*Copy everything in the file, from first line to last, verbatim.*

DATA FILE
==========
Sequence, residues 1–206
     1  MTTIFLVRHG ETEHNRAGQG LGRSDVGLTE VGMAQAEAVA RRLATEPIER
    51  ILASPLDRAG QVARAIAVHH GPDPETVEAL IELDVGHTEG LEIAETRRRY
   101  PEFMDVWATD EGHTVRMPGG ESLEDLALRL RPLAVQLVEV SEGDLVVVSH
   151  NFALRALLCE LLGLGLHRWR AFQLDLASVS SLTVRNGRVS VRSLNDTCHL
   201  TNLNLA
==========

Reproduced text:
Sequence, residues 1–206
     1  MTTIFLVRHG ETEHNRAGQG LGRSDVGLTE VGMAQAEAVA RRLATEPIER
    51  ILASPLDRAG QVARAIAVHH GPDPETVEAL IELDVGHTEG LEIAETRRRY
   101  PEFMDVWATD EGHTVRMPGG ESLEDLALRL RPLAVQLVEV SEGDLVVVSH
   151  NFALRALLCE LLGLGLHRWR AFQLDLASVS SLTVRNGRVS VRSLNDTCHL
   201  TNLNLA